CSAIL welcomes 6 new EECS faculty

First row (left to right): Adam Belay, Stefanie Mueller, Max Shulaker. 

Second row (left to right): David Sontag, Ryan Williams, Virginia Vassilevska Williams.

CSAIL welcomes six new faculty members to MIT's Department of Electrical Engineering and Computer Science (EECS)!

The new faculty include Adam Belay, Stefanie Mueller, Max Shulakar, David Sontag, Ryan Williams and Virginia Vassilev Williams.

Adam Belay will join as an assistant professor in July 2017. Belay’s research area is operating systems and networking. Much of his work has focused on restructuring computer systems so that developers can more easily reach the full performance potential of hardware. Previously he worked on storage virtualization at VMware Inc. and contributed substantial power-management code to the Linux Kernel project.

Stefanie Mueller will join as an assistant professor in January 2017. In her research Mueller develops novel interactive hardware and software systems that advance personal fabrication technologies. Her work has been published at the Conference for Human Factors in Computing Systems (CHI), and User Interface Software and Technology (UIST), as well as covered widely in New Scientist, BBC, The Atlantic, and The Guardian. Mueller will head CSAIL's HCI engineering group, which works at the intersection of human-computer interaction, computer graphics, computer vision, and robotics.

Max Shulaker joined EECS and the Microsystems Technologies Laboratories (MTL) as an assistant professor in July. His research focuses on the broad area of nanosystems. His Novel Electronic Systems Group aims to understand and optimize multidisciplinary interactions across the entire computing stack — from low-level synthesis of nanomaterials, to fabrication processes and circuit design for emerging nanotechnologies, up to new architectures — to enable the next generation of high performance and energy-efficient computing systems.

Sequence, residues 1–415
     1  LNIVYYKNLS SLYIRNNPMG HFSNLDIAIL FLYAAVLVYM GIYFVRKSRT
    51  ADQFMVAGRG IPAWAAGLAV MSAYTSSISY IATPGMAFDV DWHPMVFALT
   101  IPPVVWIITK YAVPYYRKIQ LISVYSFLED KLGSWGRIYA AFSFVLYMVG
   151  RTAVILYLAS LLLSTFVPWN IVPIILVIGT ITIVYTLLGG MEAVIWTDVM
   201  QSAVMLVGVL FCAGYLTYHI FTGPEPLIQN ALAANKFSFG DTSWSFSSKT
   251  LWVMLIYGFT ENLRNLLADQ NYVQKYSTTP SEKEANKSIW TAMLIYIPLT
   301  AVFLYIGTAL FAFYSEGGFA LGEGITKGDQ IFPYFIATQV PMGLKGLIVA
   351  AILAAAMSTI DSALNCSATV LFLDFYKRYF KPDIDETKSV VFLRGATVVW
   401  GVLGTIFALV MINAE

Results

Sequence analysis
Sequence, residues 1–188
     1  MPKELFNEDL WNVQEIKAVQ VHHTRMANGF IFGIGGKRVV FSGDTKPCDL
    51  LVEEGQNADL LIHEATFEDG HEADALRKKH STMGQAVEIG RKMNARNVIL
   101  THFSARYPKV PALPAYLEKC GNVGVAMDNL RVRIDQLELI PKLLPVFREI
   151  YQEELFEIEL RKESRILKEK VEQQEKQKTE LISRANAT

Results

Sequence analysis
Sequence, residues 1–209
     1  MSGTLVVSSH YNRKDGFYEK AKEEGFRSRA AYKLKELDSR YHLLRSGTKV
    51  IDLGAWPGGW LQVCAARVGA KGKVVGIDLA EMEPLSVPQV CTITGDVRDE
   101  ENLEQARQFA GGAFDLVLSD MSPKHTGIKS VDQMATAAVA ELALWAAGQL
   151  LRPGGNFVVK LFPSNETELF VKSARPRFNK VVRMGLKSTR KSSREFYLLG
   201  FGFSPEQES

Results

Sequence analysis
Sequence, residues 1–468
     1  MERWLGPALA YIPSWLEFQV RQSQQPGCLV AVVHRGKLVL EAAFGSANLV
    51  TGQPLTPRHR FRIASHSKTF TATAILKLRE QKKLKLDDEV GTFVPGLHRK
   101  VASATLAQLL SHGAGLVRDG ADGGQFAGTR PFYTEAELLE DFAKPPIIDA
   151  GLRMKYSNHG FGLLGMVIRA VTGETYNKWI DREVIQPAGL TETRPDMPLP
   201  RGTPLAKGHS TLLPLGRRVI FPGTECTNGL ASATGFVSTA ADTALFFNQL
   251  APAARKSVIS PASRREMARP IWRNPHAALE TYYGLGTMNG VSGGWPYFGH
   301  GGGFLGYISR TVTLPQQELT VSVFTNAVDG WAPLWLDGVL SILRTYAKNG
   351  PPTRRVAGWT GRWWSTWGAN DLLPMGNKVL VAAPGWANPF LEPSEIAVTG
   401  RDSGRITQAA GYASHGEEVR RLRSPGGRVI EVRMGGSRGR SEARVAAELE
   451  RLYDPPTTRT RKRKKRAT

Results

David Sontag will join in January 2017 as an assistant professor as part of CSAIL and the Institute for Medical Engineering (IMES). His research interests are in machine learning and artificial intelligence with a recent focus on unsupervised learning, a problem of discovering hidden variables from data, and causal inference, which seeks to estimate the effect of interventions from observational data. As part of IMES, he will lead a research group that aims to transform health care through the use of machine learning. He has been an assistant professor in computer science and data science at New York University’s Courant Institute of Mathematical Sciences since 2011. Previously, he was a postdoc at Microsoft Research.

Ryan Williams will join MIT as an associate professor (with tenure) in January 2017. His research interests are in the theoretical design and analysis of efficient algorithms and in computational complexity theory, focusing mainly on new connections (and consequences) forged between algorithm design and logical circuit complexity. Following postdoctoral appointments at the Institute for Advanced Study (Princeton) and IBM Almaden, he was an assistant professor of computer science at Stanford for five years.

Virginia Vassilevska Williams will join as an associate professor in January 2017. Prior to joining MIT, she spent three and a half years as an assistant professor at Stanford. Her research interests are broadly in theoretical computer science, focusing on the design and analysis of algorithms and fine-grained complexity. Her work on matrix multiplication algorithms was covered by the press and is the most cited paper in algorithms and complexity in the last five years.